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Cambodia's continuing crisis

By Verghese Mathews - posted Friday, 11 March 2005

If there is one lesson neighbours in the region should learn from contemporary Cambodia, it is to never ever end up as a donor-funded country. Should some outrageous fortune result in that happening, one should expect to see within that country a collective nationalistic fervour bent on quickly redressing the situation.

This is unfortunately not so in Phnom Penh where once again political infighting is preoccupying decision-makers instead of nation-building and working towards self-reliance.

Politicking, it would appear, is in the blood, bones, hair and finger nails of Cambodian politicians who practise it with great enthusiasm and blatant impunity.


The melodrama is at the expense of the poor, the weak and the marginalised who are becoming increasingly frustrated. Worse, there is also a tiresome pattern of the political discord in Phnom Penh invariably becoming externalised, resulting in strident condemnation of the government by the usual “democratic” sources - and, as happened not too long ago, a shrill call for a “regime change”.

The latest upping of the political ante is essentially the continuation of inter- and intra-political party intrigues that have been going on since the last general election in July 2003 - obscenely delaying for more than a year the eventual coalition government between the dominant Cambodian People's Party (CPP) and the royalist Funcinpec party (FCP).

Tension moved up several notches on February 3 when the Cambodian National Assembly voted to remove the parliamentary immunity of Mr Sam Rainsy and two other members of the opposition Sam Rainsy Party (SRP) so the courts could charge them with defamation. Prime Minister Hun Sen and FCP president Prince Norodom Ranarridh, who had earlier lodged the defamation charges, argued that no parliamentarian should be allowed to malign others under cover of parliamentary immunity.

Mr Rainsy “fled” the country the same day. He had similarly fled or sought refuge at some embassy on previous occasions. He was soon in Washington, Brussels and Paris to externalise the problem. Here, he must be given credit - he has used his excellent outreach to identify powerful people and groups that are against Mr Hun Sen and the CPP.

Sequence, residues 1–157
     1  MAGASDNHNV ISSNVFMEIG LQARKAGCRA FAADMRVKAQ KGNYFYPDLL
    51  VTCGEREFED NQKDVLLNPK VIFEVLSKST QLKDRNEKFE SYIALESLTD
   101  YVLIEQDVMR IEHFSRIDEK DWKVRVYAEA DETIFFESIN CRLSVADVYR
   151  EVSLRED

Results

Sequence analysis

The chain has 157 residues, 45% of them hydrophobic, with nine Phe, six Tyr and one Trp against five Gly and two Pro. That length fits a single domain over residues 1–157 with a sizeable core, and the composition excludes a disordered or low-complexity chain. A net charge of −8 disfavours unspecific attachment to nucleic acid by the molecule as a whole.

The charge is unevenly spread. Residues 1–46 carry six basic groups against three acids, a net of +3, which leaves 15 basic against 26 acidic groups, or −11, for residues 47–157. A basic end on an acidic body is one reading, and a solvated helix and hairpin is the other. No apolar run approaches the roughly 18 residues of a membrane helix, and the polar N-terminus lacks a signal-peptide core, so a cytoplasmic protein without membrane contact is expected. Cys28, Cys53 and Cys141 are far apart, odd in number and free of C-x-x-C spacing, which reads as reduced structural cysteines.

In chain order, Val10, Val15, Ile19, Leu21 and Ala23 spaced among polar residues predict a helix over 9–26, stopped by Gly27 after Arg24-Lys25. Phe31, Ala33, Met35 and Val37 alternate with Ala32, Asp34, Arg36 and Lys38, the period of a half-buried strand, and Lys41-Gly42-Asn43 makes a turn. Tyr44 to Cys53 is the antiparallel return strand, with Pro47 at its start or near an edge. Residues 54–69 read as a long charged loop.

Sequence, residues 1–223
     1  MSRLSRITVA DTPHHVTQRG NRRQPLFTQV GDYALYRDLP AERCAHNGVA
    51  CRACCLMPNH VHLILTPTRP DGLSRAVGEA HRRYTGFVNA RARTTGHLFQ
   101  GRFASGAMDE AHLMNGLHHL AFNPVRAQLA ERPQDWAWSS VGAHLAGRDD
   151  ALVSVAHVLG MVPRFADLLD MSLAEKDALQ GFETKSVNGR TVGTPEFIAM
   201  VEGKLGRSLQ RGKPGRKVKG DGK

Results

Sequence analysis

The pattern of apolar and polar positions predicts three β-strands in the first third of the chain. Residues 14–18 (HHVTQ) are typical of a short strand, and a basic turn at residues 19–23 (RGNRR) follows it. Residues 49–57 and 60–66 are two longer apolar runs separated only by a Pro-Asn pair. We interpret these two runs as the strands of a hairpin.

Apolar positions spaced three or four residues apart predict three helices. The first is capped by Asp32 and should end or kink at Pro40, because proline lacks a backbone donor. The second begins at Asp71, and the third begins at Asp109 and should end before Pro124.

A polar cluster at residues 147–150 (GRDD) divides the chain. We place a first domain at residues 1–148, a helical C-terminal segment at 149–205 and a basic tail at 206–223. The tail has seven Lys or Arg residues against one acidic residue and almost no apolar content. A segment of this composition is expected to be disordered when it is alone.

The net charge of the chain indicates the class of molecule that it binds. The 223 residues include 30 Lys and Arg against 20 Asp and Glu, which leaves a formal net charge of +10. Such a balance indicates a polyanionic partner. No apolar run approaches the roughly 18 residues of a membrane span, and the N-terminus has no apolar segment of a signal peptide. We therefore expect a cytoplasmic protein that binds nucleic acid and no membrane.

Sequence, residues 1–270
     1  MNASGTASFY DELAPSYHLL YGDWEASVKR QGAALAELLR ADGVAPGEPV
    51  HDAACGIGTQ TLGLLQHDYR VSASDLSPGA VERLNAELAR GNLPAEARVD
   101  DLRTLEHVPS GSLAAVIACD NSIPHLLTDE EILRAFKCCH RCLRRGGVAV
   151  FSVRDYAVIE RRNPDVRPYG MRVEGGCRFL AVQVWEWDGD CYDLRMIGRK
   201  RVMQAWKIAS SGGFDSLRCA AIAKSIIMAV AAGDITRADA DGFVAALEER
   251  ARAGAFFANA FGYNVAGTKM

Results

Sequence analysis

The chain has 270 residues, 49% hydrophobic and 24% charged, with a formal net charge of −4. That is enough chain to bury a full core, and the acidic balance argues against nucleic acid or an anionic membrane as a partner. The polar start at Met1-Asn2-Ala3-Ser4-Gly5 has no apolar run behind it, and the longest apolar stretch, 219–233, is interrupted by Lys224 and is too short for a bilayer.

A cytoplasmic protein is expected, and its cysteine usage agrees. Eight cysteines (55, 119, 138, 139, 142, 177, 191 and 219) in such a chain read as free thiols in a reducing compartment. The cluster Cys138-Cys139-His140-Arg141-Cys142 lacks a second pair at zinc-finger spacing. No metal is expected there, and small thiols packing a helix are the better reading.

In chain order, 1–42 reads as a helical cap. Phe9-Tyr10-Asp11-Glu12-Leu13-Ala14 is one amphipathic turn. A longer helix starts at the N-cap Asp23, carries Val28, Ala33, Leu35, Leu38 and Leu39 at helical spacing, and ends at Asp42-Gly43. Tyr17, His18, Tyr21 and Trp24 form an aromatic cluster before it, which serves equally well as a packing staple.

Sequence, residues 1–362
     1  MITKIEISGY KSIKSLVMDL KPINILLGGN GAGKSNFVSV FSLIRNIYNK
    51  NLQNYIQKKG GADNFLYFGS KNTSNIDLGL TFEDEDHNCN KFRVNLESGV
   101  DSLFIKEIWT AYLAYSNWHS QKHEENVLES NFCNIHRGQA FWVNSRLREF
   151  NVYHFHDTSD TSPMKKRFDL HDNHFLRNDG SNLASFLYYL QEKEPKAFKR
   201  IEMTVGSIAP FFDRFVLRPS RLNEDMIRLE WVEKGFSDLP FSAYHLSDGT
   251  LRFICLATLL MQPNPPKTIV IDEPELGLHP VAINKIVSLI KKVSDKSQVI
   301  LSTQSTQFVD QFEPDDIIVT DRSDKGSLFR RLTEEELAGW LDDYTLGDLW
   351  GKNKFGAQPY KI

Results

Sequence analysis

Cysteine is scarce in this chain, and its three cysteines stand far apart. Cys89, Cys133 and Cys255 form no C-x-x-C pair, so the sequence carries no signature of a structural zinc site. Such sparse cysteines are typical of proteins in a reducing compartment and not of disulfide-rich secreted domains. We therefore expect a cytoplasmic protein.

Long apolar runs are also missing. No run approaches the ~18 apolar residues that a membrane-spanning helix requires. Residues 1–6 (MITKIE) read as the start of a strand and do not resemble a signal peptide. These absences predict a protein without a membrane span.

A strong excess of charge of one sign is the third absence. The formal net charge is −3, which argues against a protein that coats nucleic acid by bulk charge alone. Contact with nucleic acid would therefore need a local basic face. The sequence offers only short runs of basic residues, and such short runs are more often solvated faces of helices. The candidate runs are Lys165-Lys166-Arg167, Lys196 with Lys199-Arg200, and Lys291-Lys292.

Mr Rainsy scored on February 17 when long-time Hun Sen critic, US Senator Mitch McConnell, and Senator Sam Brownback tabled Resolution 65 at the Senate Foreign Relations Committee calling on the Cambodian National Assembly to reverse its decision to strip the three SRP members' parliamentary immunity.

It also urged donor countries to impose “appropriate sanctions” against the Cambodian Government and assembly until the decision was reversed. The resolution further demanded that US visas not be issued to any parliamentarian who had voted in favour of the decision and neither to all his family members.


For good measure, the resolution urged the State Department, the United Nations Secretary-General, international financial institutions and “democrats all around the world to continue publicly to condemn the actions of the Cambodian Assembly”.

It is interesting that international financial institutions are specifically mentioned. The SRP has been highly critical of them for releasing funds to the Cambodian Government for various development programs.

Mr Rainsy also appeared on the BBC's Hardtalk. To criticisms from his detractors that he did not fare too well and was on the defensive, the SRP retorted that the interviewer, Zeinab Badawi, was overly aggressive and “would have made an excellent interrogator at a concentration camp”!

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First published in The Straits Times, Singapore on March 5, 2005

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About the Author

Verghese Mathews, a former Singapore ambassador to Cambodia, is a visiting fellow at the Institute of Southeast Asian Studies.

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